Who Is Buying Ghana's Bond? - As BoG Gauges Investor Confidence
5/4/2012 10:06:29 AM -
Dr Amissah Arthur - Governor of BoG The Bank of Ghana will float a five year bond to pay for maturing debts and financing of ongoing infrastructure projects across the country.
This is contained in a Calendar for Government Securities published on the website of the Bank of Ghana. This will be the second bond issue for this year after the February three-year bond. The floatation comes at a time of lingering concerns of currency volatility and nervousness ahead of the December polls.
Though the auction is open to local and foreign investors, analysts have described the bond sale as a kite to gauge the level of investor confidence in the country.
But Head of Treasury of the Bank of Ghana, Mr Nyinaku Adams disagrees. He told the Graphic Business in an interview that the bond sale had been planned long before the cedi took a nose dive.
“You see that there are some infrastructure projects going on across the country and we have to pay for them that is why we are auctioning these bonds”, he said.
“Some of the bonds we also issued some time back have matured and so we have to pay for them”, he added.
But currency depreciation has heightened fears that offshore investors to be wary of Ghana’s secondary market ahead of the elections in December. This they say is likely to see a lower demand by foreign investors in the five year bond.
Head of Research at Databank, Nii Ampa Sowa agrees. 'I think there are more opportunities now coming up across the region and considering that offshore investors already have substantial exposure to Ghana, they may have a low appetite to add to their current exposure.'
'I don't see offshore investors participating in a very big way, especially with the concerns for the currency,' he added.
'We've seen the exchange rate being very volatile at the beginning of the year and some attempts to cool things down but I think the medium to long term management of the currency is what investors could be looking at.'
Mr Sowa, believes the only the Bank of Ghana could lure both local and offshore investors into the market would be to increase the coupon rate to about 18 per cent.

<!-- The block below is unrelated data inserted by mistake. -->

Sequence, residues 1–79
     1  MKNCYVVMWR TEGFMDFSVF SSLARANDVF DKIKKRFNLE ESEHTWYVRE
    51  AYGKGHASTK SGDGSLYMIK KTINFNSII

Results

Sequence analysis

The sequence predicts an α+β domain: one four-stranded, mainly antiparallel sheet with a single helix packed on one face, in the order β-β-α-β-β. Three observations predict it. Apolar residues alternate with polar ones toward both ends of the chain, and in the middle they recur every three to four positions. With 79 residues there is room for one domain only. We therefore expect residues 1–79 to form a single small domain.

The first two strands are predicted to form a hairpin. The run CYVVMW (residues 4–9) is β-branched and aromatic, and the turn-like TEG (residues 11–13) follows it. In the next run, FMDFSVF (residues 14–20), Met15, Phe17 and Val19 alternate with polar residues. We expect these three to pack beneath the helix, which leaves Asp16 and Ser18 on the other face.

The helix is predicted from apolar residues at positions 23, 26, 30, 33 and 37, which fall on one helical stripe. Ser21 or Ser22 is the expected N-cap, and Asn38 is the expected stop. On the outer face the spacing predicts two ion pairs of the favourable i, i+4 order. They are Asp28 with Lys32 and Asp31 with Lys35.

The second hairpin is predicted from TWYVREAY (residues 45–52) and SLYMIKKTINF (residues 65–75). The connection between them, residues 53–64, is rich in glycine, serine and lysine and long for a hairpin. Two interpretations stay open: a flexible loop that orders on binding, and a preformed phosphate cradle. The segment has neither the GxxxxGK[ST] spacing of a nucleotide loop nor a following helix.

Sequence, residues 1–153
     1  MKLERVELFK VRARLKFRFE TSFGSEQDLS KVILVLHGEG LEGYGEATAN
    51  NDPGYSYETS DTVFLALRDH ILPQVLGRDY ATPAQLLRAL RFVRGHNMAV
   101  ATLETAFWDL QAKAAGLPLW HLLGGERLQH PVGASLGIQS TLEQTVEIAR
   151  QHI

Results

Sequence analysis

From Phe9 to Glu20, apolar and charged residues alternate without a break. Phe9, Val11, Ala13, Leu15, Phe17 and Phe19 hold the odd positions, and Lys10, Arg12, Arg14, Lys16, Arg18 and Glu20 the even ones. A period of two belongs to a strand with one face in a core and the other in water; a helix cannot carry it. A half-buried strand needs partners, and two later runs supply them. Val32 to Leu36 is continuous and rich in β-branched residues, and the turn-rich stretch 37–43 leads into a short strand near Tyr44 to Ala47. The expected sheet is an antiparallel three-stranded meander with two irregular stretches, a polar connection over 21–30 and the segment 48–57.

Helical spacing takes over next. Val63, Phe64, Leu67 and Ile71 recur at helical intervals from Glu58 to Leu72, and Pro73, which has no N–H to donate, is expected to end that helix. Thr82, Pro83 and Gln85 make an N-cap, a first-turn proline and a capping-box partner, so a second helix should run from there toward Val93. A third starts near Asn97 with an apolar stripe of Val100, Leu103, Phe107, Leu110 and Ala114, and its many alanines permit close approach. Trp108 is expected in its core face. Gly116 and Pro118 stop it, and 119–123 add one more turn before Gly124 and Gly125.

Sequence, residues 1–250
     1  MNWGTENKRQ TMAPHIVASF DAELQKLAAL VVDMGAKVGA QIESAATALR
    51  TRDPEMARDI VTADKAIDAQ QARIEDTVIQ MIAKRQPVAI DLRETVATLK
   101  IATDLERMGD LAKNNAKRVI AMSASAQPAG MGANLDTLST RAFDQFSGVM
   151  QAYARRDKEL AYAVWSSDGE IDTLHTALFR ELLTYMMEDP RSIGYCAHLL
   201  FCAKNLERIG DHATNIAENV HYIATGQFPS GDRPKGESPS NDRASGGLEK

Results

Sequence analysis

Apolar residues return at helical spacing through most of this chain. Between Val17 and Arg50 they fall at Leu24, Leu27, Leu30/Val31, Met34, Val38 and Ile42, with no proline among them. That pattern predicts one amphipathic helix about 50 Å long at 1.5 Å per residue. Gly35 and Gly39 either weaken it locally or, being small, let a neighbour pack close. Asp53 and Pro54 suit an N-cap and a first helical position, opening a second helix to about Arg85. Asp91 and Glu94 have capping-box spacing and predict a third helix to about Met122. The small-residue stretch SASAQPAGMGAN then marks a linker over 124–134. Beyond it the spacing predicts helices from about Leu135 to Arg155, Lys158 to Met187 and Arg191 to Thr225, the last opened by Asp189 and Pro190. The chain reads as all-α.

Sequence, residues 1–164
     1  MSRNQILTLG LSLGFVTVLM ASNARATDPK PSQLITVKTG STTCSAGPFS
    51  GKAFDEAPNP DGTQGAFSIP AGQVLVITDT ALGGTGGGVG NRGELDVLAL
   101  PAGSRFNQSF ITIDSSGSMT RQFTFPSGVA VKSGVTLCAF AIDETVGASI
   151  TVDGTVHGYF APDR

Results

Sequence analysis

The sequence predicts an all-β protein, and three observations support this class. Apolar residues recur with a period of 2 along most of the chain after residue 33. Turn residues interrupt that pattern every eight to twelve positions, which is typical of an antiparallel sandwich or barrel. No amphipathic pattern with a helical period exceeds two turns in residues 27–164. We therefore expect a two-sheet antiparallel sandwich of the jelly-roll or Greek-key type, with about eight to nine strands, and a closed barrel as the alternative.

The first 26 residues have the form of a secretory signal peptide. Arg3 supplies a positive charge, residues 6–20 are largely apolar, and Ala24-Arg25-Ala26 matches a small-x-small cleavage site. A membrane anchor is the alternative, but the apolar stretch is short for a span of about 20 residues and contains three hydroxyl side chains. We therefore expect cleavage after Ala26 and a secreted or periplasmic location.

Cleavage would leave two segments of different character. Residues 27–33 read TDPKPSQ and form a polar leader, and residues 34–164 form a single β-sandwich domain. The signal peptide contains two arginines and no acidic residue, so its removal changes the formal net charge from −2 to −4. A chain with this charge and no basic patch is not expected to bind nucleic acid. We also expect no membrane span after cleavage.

Foreign investors have dominated almost every sale of three- and five-year bonds in Ghana since the auctions were opened up to non-residents in 2006. However, they were largely absent from the last two bond sales of 2011, a year in which the local currency fell by 10 per cent against the dollar.
But higher yields elsewhere in Africa, such as Kenya and Uganda, and the risk of government overspending in the run-up to the polls could dampen foreign enthusiasm for Ghana’s bond.
In February this year, the Bank of Ghana floated a GH¢200 million cedi ($117.6 million) three-year bond, which was heavily oversubscribed, and it accepted GH¢219 million cedis of bids at a yield of 14.99 per cent.
The Bank received GH¢639 million cedis in bids and 169 million cedis worth of accepted bids were from offshore investors, Mr Nyinaku, the Central Bank’s head of treasury, said in an interview.
The bond sale, Ghana's first auction of 2012 open to offshore investors, had been seen as a test of foreign appetite in Ghana during an election year.
But the Executive Director of the Centre for Policy Analysis Dr Joe Abbey, this time again the GH¢200 million five year bond to be floated in June will be oversubscribed.
“I think we are only speculating loudly on how investors will react to the market dynamics and this is not sending the right signals”, he said.
Ghana's relative stability and developing oil industry have made it a favourite with foreign investors but currency weakness and general risk aversion related to the euro zone debt crisis undermined demand for its debt late last year.
The December polls has raised questions about public spending this year, although the government of President John Atta Mills, who is seeking a second term, has set a budget deficit target of 5.1 per cent of GDP for 2012.
In 2008, heavy pre-election spending caused Ghana's fiscal deficit to balloon to 14.5 per cent of GDP, from nine per cent of GDP in 2007, according to the International Monetary Fund.